Slack (reference cited page 279) describes the use of a surface active agent in the dihydrate process, said surface active agent is used to promote the growth of small crystals. It appears as if the surface active agent in the dihydrate wet process acts as a nucleation poison to gypsum and reduces the number of gypsum nuclei formed, thereby favoring growth of large crystals and making the operation more difficult to upset by changes in conditions. The formation of larger crystals makes it easier to filter the slurry so formed. D. W. Leyshon et al, U.S. Pat. No. 3,192,014 describes a process for the preparation of phosphoric acid by means of the dihydrate wet process in which an additive selected from the group consisting of alkylbenzenesulfonic acids having an alkyl group from 9 to 12 carbon atoms, isopropylnapthalene sulfonic acid and the alkali metal salts of said acids are used to improve the filterability of the slurry produced. The additive is used from about 0.1 to about 3.2 pounds per ton of phosphate rock.
Slack (reference cited, page 383) describes the use of surface active agents in the hemihydrate wet process. Tests have shown that the formation of small unstable hemihydrate crystals as observed in previous processes, does not occur when a surface active agent or surfactant is added to the system. The surface active agent used was an alkylbenzenesulfonic acid.
A. F. Sirianni et al, U.S. Pat. No. 3,796,790 describes a process for the recovery of concentrated phosphoric acid from a suspension of gelatinous or finely divided precipitate such as the calcium sulfate in the process for producing phosphoric acid. The process involves treating the suspension with a particular surface active agent and a particular bridging liquid, said bridging liquid is a liquid hydrocarbon such as naphtha, kerosene, fuel oil, low viscosity processed oils, gas oils and petroleum aliphatic solvents. Agglomerates are formed when the suspension is vigorously mixed with the surface active agent and the liquid hydrocarbon. Said agglomerates are then removed by decanting, filtering, or centrifuging.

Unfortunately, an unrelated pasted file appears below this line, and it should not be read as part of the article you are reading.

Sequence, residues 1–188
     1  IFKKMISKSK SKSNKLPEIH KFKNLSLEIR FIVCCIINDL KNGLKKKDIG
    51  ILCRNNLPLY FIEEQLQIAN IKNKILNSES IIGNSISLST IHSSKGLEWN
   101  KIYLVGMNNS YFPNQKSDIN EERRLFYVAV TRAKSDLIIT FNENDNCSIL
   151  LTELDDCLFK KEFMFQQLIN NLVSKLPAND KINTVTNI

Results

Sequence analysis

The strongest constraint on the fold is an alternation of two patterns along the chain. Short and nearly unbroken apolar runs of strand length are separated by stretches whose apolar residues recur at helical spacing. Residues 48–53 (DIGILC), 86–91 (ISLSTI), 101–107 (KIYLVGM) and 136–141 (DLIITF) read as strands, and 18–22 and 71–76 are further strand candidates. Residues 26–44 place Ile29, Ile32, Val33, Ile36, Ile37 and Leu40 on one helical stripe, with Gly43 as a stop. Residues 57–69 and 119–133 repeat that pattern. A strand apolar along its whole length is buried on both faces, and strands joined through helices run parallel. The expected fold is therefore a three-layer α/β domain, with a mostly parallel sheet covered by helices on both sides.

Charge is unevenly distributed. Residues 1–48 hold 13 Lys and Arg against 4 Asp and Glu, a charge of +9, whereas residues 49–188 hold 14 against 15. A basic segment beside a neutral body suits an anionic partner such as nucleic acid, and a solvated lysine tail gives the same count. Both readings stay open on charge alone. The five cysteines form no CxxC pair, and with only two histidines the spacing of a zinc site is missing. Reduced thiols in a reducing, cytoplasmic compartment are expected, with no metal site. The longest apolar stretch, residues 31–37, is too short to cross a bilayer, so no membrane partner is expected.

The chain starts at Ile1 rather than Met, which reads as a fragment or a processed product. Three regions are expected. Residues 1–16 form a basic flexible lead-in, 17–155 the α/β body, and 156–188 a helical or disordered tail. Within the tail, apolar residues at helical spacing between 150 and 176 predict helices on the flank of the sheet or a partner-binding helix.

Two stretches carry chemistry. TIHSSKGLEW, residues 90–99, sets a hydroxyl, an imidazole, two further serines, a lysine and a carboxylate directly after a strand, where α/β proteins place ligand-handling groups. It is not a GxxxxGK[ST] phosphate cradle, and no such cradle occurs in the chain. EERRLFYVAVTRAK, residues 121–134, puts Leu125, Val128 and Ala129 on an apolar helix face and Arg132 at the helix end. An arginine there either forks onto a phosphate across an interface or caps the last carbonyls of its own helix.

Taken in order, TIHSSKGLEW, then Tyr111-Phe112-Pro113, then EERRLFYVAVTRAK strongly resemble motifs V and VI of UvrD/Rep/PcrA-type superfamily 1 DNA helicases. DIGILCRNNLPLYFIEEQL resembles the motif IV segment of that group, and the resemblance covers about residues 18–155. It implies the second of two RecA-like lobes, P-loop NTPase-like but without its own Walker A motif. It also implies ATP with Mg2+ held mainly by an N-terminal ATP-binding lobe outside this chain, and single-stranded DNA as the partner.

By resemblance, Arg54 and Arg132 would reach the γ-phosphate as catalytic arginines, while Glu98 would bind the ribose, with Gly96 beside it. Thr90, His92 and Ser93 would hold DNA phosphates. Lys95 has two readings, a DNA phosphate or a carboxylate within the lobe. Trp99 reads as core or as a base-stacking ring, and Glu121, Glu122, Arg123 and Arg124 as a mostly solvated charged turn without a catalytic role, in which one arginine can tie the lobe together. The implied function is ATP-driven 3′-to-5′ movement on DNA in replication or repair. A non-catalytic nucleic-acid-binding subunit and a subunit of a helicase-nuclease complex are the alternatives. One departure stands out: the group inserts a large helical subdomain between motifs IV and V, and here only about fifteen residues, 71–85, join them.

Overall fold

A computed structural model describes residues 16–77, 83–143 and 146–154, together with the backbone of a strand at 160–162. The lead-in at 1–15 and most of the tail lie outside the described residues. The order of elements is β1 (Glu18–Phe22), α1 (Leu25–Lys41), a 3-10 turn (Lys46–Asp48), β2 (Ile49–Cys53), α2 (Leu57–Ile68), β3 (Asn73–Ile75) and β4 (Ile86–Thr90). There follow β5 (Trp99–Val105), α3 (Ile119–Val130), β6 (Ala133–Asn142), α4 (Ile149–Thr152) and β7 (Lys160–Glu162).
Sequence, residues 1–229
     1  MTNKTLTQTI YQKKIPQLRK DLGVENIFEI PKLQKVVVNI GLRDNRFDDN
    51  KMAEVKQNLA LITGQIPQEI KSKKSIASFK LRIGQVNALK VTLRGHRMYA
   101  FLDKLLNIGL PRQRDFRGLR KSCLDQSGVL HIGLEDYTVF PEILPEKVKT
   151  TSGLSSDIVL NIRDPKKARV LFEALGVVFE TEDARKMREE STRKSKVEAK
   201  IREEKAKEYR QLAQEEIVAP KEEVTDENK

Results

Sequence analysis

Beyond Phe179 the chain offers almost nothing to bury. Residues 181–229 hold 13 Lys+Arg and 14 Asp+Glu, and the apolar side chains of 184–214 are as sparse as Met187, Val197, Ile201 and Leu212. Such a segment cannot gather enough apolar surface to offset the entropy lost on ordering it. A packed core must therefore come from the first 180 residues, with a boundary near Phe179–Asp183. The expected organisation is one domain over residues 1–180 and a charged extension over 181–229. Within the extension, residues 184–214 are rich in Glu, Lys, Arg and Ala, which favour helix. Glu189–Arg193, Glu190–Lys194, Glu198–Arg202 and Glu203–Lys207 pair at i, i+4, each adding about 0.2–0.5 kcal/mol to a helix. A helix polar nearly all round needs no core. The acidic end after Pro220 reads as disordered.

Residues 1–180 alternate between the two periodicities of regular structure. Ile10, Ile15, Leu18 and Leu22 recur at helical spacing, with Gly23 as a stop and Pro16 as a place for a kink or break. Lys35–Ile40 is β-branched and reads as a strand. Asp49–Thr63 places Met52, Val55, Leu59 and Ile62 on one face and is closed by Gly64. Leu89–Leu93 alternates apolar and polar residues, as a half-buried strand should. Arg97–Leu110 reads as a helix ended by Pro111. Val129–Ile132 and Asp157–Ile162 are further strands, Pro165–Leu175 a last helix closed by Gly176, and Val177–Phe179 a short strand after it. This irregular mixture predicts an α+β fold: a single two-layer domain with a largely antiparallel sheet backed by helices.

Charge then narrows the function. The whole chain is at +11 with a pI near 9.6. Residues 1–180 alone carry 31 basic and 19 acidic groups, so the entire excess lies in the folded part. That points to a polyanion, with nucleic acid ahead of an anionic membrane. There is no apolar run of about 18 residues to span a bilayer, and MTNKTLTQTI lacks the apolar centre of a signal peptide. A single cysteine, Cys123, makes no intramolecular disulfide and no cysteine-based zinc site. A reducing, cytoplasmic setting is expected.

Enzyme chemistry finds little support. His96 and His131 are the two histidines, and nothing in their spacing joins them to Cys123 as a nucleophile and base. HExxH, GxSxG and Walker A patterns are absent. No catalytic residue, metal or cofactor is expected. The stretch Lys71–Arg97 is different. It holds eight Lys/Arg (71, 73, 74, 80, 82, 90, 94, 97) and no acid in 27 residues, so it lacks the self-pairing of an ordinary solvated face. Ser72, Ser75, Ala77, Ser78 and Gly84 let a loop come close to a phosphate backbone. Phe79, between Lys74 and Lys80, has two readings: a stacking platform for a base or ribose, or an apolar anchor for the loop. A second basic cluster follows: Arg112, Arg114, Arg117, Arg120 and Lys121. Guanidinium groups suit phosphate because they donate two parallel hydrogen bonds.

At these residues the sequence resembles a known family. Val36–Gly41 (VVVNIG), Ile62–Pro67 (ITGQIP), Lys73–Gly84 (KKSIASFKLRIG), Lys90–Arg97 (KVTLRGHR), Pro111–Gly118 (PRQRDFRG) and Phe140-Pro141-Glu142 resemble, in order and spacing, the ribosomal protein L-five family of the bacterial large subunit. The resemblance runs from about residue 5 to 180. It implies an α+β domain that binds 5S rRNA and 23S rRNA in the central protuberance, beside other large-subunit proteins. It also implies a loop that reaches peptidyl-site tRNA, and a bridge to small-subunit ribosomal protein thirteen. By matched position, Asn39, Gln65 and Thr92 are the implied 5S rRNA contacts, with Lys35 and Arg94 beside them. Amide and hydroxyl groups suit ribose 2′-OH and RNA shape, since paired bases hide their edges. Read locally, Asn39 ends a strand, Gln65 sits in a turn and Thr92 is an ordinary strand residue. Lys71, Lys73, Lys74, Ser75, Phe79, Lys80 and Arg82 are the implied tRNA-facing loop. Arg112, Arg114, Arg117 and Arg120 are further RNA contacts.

Several patents describe the recrystallization of calcium sulfate from one hydrate form to another. The patent issued to H. Akazawa et al, U.S. Pat. No. 3,645,677 is representative. Calcium sulfate hemihydrate is hydrated to calcium sulfate dihydrate in the presence of at least one surface active agent, selected from the group consisting of alkylaryl sulfonic acids, alkylnapthalene sulfonic acid, sulfuric acid esters of higher alcohols and salts thereof, and a mixed acid comprised of sulfuric acid and phosphoric acid from the ratio of about 0.4 or greater. Large, easily filterable purified calcium sulfate dihydrate crystals are prepared.
Other types of additives have been employed which aid in the growth of calcium sulfate crystals. Hey et al, U.S. Pat. No. 3,653,727, uses a mixture of an amide and a fatty acid as an anti-foam agent. The agent also improves the rate of calcium sulfate filtration.
This invention is directed to an improved process for the production of phosphoric acid by the calcium sulfate hemihydrate process.
Phosphate rock, either calcined or uncalcined, and phosphoric acid are added to a first slurry of calcium sulfate hemihydrate, monocalcium phosphate, phosphoric acid and sulfuric acid. Preferably, the phosphate rock is slurried in the phosphoric acid prior to the addition to the first slurry. Phosphate rock, about 95% of +100 mesh, containing at least 32% P2 O5 is the preferred source of phosphate for the process. However, phosphate rock of 95% of -200 mesh can be used. Rock containing less than 32% P2 O5 is acceptable, and can be employed in this process. High alumina phosphate pebble may also be used. The phosphate rock is slurried in phosphoric acid that contains from about 13% to about 47% P2 O5. Phosphoric acid, recycled from the separation section, containing from about 13% to about 47% P2 O5 is usually used in the process. However, phosphoric acid from other sources, such as other phosphoric acid plants or merchant grade acid may be used. When the phosphoric acid is recycled from the separation section it will usually contain from about 0.5 to about 3.5% free sulfuric acid.